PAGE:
Thus one Xamarin.Forms application is composed of three separate projects for each of the three platforms, with a fourth project that contains the common code. The following is the diagram depicting this scenario:


The projects of the 3 platforms in Xamarin.Forms application are small and consist often only initialization code. The Shared Asset Project or Portable Class Library contains most of the application code including the interface code to the user.

The Xamarin.Forms.Core and Xamarin.Forms.Xaml libraries implement Xamarin.Forms API. Depending on the platform, the Xamarin.Forms.Core library uses one of the Xamarim platform libraries.

These libraries are mostly a collection of renderer classes that transform the UI Xamarin.Forms object's to the platform specific user interface.

The Xamarin.Forms also support the XAML of Microsoft as a general-purpose markup language to instantiate and initialize objects. The following is an example of XAML code:

  1. <?xml version="1.0" encoding="utf-8" ?>  
  2.     <ContentPage xmlns="" xmlns:x="" x:Class="HelloXamarinFormsWorldXaml.StackLayoutExample1" Padding="20">  
  3.         <StackLayout Spacing="10">  
  4.             <Label Text="Stop" BackgroundColor="Red" Font="20" />  
  5.             <Label Text="Slow" BackgroundColor="Yellow" Font="20" />  
  6.             <Label Text="Go" BackgroundColor="Green" Font="20" />  
  7.         </StackLayout>  
  8.     </ContentPage>  
However, despite the enormous help that the Xamarin.Forms can offer you in creating applications for platform independent, it is not a complete replacement for programming the native API. If your application relies heavily on native API features, such as certain types of controls or widgets, then you may need to use the Xamarin.iOS, the Xamarin.Android, or Windows Phone API.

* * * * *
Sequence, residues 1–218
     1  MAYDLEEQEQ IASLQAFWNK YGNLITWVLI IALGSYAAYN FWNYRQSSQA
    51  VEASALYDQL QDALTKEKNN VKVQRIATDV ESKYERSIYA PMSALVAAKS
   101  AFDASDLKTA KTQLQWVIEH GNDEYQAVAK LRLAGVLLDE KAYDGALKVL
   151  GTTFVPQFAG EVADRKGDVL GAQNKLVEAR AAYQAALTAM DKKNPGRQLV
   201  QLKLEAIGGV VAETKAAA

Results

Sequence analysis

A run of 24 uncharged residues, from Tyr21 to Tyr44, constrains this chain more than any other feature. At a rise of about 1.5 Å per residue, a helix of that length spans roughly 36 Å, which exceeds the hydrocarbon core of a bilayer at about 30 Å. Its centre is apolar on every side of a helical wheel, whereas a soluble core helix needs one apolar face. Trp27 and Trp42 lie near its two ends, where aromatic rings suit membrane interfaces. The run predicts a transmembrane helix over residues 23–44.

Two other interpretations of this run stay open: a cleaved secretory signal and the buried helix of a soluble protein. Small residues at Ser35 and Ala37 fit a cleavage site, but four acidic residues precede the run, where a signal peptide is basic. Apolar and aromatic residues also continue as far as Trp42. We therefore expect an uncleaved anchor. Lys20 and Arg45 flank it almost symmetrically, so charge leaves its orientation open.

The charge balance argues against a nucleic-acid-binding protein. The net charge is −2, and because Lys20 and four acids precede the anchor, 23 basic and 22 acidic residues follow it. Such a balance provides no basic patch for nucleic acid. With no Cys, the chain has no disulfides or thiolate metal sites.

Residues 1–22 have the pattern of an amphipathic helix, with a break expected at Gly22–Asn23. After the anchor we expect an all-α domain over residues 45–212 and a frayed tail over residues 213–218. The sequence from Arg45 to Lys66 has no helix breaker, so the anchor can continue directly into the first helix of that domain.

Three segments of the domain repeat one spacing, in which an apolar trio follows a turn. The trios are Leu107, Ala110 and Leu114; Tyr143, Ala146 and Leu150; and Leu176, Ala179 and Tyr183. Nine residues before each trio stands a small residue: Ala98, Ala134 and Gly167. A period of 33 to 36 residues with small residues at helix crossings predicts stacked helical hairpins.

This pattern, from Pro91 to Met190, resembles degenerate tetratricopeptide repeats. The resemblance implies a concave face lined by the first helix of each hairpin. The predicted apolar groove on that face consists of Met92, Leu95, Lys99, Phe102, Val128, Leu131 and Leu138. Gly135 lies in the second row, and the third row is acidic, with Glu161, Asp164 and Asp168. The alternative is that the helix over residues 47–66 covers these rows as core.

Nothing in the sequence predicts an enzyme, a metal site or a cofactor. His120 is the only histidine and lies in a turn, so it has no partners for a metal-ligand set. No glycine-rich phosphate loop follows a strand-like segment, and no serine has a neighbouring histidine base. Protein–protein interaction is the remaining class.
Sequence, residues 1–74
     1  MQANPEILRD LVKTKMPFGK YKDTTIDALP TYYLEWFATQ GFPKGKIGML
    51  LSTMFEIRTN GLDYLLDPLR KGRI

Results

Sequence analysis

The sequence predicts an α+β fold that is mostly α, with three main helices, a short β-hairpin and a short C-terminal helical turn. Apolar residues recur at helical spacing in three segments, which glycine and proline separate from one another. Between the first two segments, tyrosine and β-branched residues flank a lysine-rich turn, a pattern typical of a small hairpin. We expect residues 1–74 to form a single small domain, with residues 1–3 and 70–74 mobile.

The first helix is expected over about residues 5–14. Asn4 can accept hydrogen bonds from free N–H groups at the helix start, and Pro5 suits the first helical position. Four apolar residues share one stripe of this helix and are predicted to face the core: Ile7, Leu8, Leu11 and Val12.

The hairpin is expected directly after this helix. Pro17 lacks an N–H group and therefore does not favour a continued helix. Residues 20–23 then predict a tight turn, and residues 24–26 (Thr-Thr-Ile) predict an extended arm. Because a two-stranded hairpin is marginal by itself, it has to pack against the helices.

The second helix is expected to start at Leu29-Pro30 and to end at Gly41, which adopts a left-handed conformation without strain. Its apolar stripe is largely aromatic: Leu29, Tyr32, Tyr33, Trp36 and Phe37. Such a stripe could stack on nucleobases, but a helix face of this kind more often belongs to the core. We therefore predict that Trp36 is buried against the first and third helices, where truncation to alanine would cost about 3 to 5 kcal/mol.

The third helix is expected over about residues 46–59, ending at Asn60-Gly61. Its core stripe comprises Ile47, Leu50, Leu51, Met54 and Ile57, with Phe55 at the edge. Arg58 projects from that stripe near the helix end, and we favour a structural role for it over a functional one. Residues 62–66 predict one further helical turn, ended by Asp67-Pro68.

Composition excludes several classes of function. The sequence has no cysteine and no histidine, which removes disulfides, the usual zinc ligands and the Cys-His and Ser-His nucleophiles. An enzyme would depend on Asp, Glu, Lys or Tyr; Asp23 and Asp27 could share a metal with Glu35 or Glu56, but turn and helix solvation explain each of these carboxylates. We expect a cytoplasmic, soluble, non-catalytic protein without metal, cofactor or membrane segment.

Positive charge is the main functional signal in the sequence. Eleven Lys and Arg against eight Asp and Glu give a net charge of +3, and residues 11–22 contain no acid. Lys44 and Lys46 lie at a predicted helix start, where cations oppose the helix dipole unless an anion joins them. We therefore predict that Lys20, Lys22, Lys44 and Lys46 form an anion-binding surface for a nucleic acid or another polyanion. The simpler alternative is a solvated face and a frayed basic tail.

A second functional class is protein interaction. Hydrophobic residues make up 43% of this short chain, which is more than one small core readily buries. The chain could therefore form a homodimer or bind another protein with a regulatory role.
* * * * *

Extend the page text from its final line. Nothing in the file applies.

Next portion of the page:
You will probably also need to use the native APIs for applications that need vector graphics or interaction sensitive to the touch. The current version of Xamarin.Forms is not quite ready to offer these features to advanced level.

On the other hand, Xamarin.Forms is great for prototyping or to create quickly line of business applications. And once you have done this, you might just find that you can continue using the Xamarin.Forms resources to build the entire application.

Even if you start building an application with Xamarin.Forms and then implement large parts of it with platform APIs, you'll be doing it within a framework that allows you to share the code and offering structured ways to make specific visual for each platform.

How to know when to use Xamarin.Forms or Xamarin.iOS or Xamarin.Android ?

Xamarin.Forms platform is best suited for:
  • Data Entry Applications,
  • prototypes and proofs of concept,
  • Applications that require little platform-specific functionality,
  • Apps where the shared source is more important than the UI.

Xamarin.iOS or Xamarin.Android is best suited for:

  • Applications that require specialized interactions,
  • Applications with specific and specialized design,
  • Applications that use many specific APIs of the platform,
  • Apps where the custom UI is more important than the shared code.